by Kitty and Steve Cooper

Question in an email from a player who only identified himself as Burt “When using transfers over 1NT, is it mandatory that opener accept partner’s transfer or may opener bid his own suit instead?”

Coopers: When you open 1NT you give up on bidding your own suit. You can only play in notrump or a suit responder suggests.

The logic of this is that when partner has a weak hand with a long suit opposite your strong balanced hand it is best to have his suit be trump so that his weaker hand can take some tricks and have entries by ruffing. 

Bidding a different suit when partner transfers is used to say that you love partner's suit and have a maximum with four or more trumps. Thus bidding a new suit does not show your own suit and that you hate the transfer.

Bidding another suit over the transfer is called a transfer break. Some people play that you bid a small doubleton. Others play that you bid a side four card concentration, that is a suit with at least two of the top three honors or similar holding such as KJ10x. Suppose partner transfers to 2S and you hold S AKxx H xx D AQJx C K10x. With this hand you would bid either 3H or 3D depending on which style of transfer break you use. To show a maximum with four trumps and no break suit you either bid 2NT (leaving room for partner to explore for slam) or three of the major. Some people just jump to three of the major with all maximums, thus telling the opponents nothing (but also not helping partner). Other players use the three level jump to show a minimum with four trumps.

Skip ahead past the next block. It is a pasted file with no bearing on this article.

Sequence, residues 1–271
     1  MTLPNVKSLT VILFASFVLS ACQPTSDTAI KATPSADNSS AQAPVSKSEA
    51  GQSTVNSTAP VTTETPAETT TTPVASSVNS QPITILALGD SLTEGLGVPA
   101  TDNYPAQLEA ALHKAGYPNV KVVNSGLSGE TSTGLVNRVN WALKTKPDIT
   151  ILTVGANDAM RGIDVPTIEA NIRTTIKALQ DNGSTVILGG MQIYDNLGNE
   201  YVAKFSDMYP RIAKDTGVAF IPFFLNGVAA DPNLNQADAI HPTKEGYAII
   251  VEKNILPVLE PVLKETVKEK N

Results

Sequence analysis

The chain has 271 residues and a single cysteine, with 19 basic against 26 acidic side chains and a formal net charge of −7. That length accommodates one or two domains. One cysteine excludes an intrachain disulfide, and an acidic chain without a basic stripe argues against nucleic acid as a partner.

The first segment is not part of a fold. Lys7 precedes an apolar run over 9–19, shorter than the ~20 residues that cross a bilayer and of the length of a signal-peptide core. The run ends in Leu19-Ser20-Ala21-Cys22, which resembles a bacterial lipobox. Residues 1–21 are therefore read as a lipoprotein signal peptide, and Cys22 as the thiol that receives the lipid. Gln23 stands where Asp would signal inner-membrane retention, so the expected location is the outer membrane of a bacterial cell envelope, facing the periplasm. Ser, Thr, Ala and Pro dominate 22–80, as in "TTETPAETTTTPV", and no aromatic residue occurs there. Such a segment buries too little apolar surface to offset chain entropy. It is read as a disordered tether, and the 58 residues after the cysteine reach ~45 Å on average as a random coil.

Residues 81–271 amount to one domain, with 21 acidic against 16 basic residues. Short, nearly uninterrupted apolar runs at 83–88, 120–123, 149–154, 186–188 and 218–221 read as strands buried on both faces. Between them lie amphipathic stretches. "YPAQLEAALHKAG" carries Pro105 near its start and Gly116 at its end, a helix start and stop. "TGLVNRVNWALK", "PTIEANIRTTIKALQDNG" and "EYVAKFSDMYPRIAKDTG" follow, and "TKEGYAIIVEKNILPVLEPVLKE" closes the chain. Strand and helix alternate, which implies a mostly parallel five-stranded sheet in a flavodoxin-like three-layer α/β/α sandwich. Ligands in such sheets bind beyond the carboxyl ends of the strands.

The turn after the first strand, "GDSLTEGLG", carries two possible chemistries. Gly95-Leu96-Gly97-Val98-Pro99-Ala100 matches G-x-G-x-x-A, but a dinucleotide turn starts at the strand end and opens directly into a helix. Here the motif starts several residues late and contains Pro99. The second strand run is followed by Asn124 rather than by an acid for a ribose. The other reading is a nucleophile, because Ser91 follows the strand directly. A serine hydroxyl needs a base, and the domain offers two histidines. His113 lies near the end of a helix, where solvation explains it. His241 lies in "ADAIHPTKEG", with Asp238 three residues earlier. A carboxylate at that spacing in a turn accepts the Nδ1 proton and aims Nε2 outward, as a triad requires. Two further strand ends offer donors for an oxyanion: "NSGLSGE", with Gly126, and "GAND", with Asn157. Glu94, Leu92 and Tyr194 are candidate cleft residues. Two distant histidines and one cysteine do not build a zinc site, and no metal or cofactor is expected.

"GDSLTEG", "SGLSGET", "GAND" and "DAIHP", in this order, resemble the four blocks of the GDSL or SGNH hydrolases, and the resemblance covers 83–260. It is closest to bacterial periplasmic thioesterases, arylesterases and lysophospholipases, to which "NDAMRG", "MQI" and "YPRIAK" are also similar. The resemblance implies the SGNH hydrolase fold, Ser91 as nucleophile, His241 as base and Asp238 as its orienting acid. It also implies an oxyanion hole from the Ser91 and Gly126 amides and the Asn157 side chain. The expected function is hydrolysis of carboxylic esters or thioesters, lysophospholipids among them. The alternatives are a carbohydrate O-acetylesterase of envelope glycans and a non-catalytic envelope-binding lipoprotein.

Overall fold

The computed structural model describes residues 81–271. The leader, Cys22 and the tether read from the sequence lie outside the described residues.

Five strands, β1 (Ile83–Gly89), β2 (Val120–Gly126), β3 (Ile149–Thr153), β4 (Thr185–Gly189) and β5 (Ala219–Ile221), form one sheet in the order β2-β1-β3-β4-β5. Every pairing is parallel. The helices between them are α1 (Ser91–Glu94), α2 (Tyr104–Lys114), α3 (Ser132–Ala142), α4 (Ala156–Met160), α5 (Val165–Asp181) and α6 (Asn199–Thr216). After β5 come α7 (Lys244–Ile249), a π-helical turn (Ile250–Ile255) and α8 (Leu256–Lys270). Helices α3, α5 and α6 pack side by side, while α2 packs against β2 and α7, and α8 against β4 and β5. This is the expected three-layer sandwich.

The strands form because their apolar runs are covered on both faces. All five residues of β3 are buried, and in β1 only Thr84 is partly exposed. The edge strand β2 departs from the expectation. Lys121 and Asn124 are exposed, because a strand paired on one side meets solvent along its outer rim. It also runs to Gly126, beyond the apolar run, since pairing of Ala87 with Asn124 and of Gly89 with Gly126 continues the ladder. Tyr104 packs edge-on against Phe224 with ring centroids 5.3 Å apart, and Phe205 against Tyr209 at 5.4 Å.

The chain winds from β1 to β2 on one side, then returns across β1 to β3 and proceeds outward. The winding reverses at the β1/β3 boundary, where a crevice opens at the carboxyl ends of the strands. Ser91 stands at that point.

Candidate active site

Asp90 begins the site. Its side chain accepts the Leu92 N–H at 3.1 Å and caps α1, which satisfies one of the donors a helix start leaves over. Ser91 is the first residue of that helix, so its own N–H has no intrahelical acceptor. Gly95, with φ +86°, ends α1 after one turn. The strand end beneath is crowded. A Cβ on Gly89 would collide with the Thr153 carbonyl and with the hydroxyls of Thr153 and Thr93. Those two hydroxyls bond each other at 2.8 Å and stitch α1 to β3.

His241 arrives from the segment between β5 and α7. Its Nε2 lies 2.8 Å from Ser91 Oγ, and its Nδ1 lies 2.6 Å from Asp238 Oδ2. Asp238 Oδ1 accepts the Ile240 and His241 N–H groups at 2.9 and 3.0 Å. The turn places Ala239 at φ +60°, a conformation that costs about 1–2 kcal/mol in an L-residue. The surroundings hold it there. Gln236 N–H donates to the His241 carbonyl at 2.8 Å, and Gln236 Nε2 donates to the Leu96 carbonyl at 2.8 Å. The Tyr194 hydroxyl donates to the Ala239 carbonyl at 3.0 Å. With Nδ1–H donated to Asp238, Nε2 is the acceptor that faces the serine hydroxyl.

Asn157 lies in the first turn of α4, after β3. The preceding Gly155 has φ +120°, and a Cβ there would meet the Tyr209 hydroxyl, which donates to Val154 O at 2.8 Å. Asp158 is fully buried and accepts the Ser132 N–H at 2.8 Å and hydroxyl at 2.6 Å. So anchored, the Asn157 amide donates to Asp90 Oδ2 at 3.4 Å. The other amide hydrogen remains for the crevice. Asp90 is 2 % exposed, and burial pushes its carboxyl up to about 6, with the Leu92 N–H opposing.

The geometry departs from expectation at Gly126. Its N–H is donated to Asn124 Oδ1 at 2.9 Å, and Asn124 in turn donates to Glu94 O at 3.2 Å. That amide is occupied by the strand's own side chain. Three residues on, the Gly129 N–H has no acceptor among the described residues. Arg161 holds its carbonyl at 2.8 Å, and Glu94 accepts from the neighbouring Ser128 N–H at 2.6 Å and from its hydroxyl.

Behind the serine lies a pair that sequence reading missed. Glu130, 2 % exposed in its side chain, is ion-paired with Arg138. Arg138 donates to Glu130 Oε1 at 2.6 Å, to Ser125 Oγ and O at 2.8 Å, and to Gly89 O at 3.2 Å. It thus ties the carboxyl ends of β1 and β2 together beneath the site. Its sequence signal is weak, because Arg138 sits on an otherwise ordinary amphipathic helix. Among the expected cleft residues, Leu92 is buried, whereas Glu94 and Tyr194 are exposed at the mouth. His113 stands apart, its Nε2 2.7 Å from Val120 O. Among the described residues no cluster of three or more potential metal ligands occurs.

We have asked a number of expert players why they break one way or the other and have gotten no convincing answers. We break to a concentration in our partnership, but the more frequent style is to break to a weak doubleton. Like most everything else in bidding, this is a good thing to discuss with your partner and have an agreement about.

One last transfer break that we use is to bid 2NT with three trumps to two of the top three honors, a maximum, and stoppers everywhere. The theory is that with this holding there might be nine tricks in notrump when partner has a hand that was not going to invite after transferring. For example, S Kxxxxx H Kx D xx C xxx will usually make 3NT opposite S AQx H Axx D Kxxx C Axx, but if you just bid 2S, partner will pass.

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